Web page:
5. What is a piece of advice you’d like to impart on an aspiring designer?

Many of the old barriers to CAD are gone. Download a trial of a low-cost 3D CAD system and start exploring. Join a user forum for help and advice. I find people in forums extremely helpful and knowledgeable especially for beginners.  Once you get up to speed, create a simple part and have a physical part made from a 3D printer bureau. There is nothing more rewarding than going from a concept to holding a physical model!

 

Project of the Month – Print Your 3D Designs

Tuesday, January 17th, 2017

So, you’ve spent some time in ViaCAD Pro or Shark modeling the perfect 3D project. You’ve subdivided your objects, given them a finished look, and now are using our 3D printing tools to make your design come to life. The video below takes you from the construction of a 3D spoon, which you can read about here, to exporting it and getting it 3D printed using a great online 3D printing service called Shapeways.

Before getting your project printed there are a couple really cool PunchCAD features that will help you visualize your 3D models.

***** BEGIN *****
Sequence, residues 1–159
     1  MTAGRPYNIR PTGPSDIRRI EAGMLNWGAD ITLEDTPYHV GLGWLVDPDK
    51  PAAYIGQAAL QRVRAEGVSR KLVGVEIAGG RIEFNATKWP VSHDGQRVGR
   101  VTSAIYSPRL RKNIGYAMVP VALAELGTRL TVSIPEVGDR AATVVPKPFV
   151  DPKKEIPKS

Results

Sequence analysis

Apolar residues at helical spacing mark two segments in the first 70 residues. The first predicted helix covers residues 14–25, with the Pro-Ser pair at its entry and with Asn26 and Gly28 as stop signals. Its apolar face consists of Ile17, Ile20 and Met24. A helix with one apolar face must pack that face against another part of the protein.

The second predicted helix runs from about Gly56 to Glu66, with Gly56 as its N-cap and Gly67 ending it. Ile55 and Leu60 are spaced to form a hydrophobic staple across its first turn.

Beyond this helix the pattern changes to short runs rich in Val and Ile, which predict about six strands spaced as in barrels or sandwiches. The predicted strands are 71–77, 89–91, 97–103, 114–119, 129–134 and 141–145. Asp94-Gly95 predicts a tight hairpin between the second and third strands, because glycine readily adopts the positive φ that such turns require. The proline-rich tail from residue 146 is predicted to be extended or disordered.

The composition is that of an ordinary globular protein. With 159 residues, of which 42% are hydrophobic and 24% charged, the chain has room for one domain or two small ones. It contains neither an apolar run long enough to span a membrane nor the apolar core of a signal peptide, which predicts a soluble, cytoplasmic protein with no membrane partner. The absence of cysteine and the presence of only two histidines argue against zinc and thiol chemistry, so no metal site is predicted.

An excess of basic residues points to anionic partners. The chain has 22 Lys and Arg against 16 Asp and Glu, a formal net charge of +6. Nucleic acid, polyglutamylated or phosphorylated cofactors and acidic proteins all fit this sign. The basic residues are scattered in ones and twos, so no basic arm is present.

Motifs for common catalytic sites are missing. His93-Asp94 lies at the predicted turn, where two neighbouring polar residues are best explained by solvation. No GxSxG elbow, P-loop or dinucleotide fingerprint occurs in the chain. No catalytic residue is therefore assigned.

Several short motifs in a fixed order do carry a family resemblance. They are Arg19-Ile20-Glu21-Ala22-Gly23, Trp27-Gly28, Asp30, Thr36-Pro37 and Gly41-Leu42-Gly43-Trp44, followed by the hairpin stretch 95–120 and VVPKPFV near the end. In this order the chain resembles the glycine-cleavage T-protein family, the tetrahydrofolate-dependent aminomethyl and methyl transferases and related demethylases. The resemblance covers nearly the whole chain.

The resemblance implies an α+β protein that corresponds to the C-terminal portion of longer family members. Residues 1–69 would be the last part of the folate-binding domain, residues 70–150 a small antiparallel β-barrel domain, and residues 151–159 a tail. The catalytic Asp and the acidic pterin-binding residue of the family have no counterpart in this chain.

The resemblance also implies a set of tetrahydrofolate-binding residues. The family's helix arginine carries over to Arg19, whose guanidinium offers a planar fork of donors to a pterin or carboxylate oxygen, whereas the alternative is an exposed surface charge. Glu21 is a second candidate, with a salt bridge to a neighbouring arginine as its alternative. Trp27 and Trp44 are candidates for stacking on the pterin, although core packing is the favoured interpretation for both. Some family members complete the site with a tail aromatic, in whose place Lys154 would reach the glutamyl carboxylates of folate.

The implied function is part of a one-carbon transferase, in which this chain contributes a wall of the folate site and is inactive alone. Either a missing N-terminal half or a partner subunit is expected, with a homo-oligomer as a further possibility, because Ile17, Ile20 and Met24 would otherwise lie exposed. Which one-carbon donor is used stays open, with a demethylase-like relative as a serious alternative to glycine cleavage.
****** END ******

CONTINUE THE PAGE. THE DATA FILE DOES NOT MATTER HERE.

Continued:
First, let’s talk about the ‘model to sheet’ tool. If you watch the video at the 4:50 mark, you’ll see the finished 3D model of a spoon as well as the ‘model to sheet’ tool being used to get exact dimensions of the spoon to be shared via a printable PDF. This useful tool can create sheets to be emailed for review as well, which is seen in the video.

Quick Tip: PunchCAD files are interoperable, so if you need to edit the file further you can use software, like the video does with Adobe Illustrator, that interacts with PDF files to make the changes you need.

Second, the video then shows how you can go one step further with rendering your 3D object. Using the ‘photo render’ tool  that can be found in the window tab at the top of the program, the spoon’s color and material can be altered (you can visualize the spoon as metal, mirror, plastic, glass, and wood).

Once you’ve finished creating your model using our CAD software and want to create physical prototype or finished object it’s easy to use Shapeways to get it 3D printed. As you can see in the video, you can export your model as an STL file (what’s an STL file?) and upload that file onto the Shapeways website. After a short period, Shapeways will analyze your model and give you pricing options for various materials. Once you’ve chosen your material, Shapeways will do the rest.

Pro Tip: When 3D printing using an expensive material, we recommend giving yourself the time to first print out a cheaper prototype to further refine your design. The ability to reference a physical object while making last minute adjustments will save you a lot of trouble (and money) moving forward.